JOHANNESBURG, SOUTH AFRICA - DECEMBER 21: Matthew Booth during the Absa Premiership match between Bidvest Wits and Bloemfontein Celtic at Bidvest Stadium on December 21, 2013 in Johannesburg, South Africa. (Photo by Lefty Shivambu/Gallo Images)

Cape Town - Matthew Booth has always vowed that he would bow out of football while at the top of his game.

Last week, the 37-year-old centre-back announced his retirement from the sport and, true to his promise, he is able to hang his boots up with pride. He is still as sprightly as ever - and could, if he really wanted to, continue to play in the Premier Soccer League.

In fact, Wits, the club he played for last season, offered him a lucrative one-year contract extension. The Joburg side was so impressed with the job he did for them last season that they were determined for him to keep going for one more year.

Booth, though, had made up his mind.

He wants to be remembered fondly, for his prowess while still capable at the highest level, rather than - as so many footballers tend to do - go on for too long and finish a career in mediocrity and disappointment.

It has been a long and successful road for the lanky lad from the Mother City.

From Fish Hoek, Booth attended the high school in the area and started his junior career at the suburb’s eponymous football club.

“I was in the Fish Hoek United squad for the under-19 Bayhill tournament and it was there that I was spotted by Mich D’Avray, the coach of Cape Town Spurs,” said Booth. “He persuaded me to come to Spurs and I joined their under-17 squad.

“After leaving school, I was working at Mike Sports in 1994, they were based in Woodstock at the time. I had graduated to the Spurs colts team by then and, after work, had to travel by train from Woodstock to Parow.

“Spurs used the Vasco da Gama fields at that time. After training, it was then all the way back to Fish Hoek. It was tough, but it was worth it. I knew what I wanted to achieve.”

Spurs won the league and cup double in 1995 - but the owner, David Rodwell, soon sold the club to the Comitis family.

Most of the top players left the team and youngsters, like Booth, were drafted into the first team squad. He started his professional career in 1996, alongside experienced players like Shaun Bartlett, Manny and Sebba Rodrigues, Craig Rosslee and Michael Jacobs.

The amalgamation of Spurs and Seven Stars in 1999 led to the formation of Ajax Cape Town.

“I was deemed not suitable for Ajax at the time,” said Booth. “They wanted to fob me off on Mother City, a new club that had started in the Cape. But I wasn’t interested. I took the fight to the owners and eventually became a free agent. I joined Mamelodi Sundowns in Pretoria, where I stayed for three years.”

Booth then went on to play with great distinction in Russia, for clubs like Rostov and Krylia Sovetov.

“I knew nothing about Russia when I made the move,” he said. “To be honest, I went for the money, but, looking back, it was a good decision. I learnt a great deal from the experience and it was a real education for me as a person and a footballer.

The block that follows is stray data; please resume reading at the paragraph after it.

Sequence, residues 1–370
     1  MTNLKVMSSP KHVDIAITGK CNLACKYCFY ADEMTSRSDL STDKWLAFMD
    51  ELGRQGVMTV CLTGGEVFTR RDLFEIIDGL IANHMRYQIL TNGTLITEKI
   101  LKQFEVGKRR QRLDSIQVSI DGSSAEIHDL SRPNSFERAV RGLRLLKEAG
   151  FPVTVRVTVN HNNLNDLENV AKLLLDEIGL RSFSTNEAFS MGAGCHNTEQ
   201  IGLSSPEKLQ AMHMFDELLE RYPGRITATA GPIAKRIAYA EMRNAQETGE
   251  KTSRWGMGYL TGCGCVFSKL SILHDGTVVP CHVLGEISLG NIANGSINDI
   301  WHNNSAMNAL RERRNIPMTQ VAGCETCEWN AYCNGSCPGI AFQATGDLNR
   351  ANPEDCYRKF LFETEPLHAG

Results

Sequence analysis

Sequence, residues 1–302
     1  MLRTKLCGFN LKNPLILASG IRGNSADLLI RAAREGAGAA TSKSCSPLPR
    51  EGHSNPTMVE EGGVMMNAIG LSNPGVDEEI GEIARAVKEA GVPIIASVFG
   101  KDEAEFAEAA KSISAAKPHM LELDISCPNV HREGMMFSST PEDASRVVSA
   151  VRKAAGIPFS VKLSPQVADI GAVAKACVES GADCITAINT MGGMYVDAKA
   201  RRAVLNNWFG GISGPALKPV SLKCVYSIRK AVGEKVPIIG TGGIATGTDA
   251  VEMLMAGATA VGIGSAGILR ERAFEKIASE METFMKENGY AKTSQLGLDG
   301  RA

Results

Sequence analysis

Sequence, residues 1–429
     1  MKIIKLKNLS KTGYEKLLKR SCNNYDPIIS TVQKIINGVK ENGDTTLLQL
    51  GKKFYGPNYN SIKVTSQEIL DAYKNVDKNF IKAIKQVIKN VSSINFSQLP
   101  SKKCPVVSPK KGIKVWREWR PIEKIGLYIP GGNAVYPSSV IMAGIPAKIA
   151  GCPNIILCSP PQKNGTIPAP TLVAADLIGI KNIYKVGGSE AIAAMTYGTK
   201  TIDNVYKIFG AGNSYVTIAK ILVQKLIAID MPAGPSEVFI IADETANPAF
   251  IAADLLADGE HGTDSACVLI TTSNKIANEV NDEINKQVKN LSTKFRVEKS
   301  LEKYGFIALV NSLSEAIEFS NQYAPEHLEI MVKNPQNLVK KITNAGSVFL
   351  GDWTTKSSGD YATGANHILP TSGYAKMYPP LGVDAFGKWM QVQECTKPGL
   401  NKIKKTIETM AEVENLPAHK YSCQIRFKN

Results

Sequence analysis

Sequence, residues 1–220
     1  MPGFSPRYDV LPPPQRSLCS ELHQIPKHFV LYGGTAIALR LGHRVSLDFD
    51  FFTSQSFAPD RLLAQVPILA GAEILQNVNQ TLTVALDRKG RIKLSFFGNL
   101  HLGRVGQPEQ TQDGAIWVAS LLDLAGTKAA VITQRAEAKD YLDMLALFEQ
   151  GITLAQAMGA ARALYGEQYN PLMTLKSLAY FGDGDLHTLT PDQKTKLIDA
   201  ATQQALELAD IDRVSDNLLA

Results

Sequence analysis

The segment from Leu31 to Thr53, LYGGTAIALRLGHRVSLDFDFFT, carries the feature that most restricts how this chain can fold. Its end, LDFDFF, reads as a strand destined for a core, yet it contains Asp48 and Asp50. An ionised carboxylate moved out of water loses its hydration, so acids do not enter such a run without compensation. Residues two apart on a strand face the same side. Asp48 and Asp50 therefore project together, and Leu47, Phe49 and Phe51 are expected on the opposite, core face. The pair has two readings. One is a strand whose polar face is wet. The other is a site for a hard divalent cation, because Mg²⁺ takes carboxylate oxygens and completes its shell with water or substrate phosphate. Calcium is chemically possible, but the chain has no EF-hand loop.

“At the time, Russia was starting to spend a lot of money to grow their league. I was able to play with and against top players like Branislav Ivanovic (now with Chelsea), the fantastic Brazilian Wagner Love and Jan Koller (ex-Borussia Dortmund striker).”

Booth was an integral member of the SA under-23 squad that played at the Olympic Games in 2000 in Sydney, and he racked up 37 appearances for Bafana Bafana.

He played in every game of the 2009 Confederations Cup, held in South Africa. He was also in the squad for the 2010 World Cup, but did not get to play.

Having had such a storied career, both locallly and internationally, Booth has strong ideas about the direction of football in the country.

“I think the main issue is that South African football always believes it has to throw money at the problem to make it go away,” said Booth. “And then, when they do throw money, they throw it at the top - PSL and Bafana.

“The problem, of course, is far deeper than that. The word ‘grassroots’ is always bandied about, but that essentially is the problem. There is no developmental system that brings players through to Bafana.

“The money is there, but it appears we don’t have the motivation or the necessary skill to make things happen.

“To add to that, I think far too many people today are involved in the sport for the wrong reasons.”

Booth is married to Sonia (nee Bonneventia), an international model and a former Miss South Africa first princess. They have two sons, Nathan, 9, and Noah, 5.

For now, Booth says he will be staying in Joburg, but the intention is definitely to, some day, return to settle in Cape Town.

As for future plans, Booth said: “It may be a cliche, but I want to give back. Football has given me so much...

“At the moment, I have already started junior coaching clinics in a few public schools. I am starting small, but it will grow bigger over time. I will also be getting other former professionals to get involved in the project.

“In addition, I have been doing some television work for the SABC and some writing for the Sowetan. This is also something I would love to continue.

“And, then, I have also registered to do a BA degree through Unisa, so I have a lot on my plate. I certainly won’t be idle.”

As a final farewell, Booth insisted that this article pay a special tribute to the people of Cape Town.

“With my retirement from the game, I would like to say a big thank to the football fraternity of the Cape. They supported me throughout my career and have always made me feel special. I will always remember that, and treasure the memories.”

Cape Argus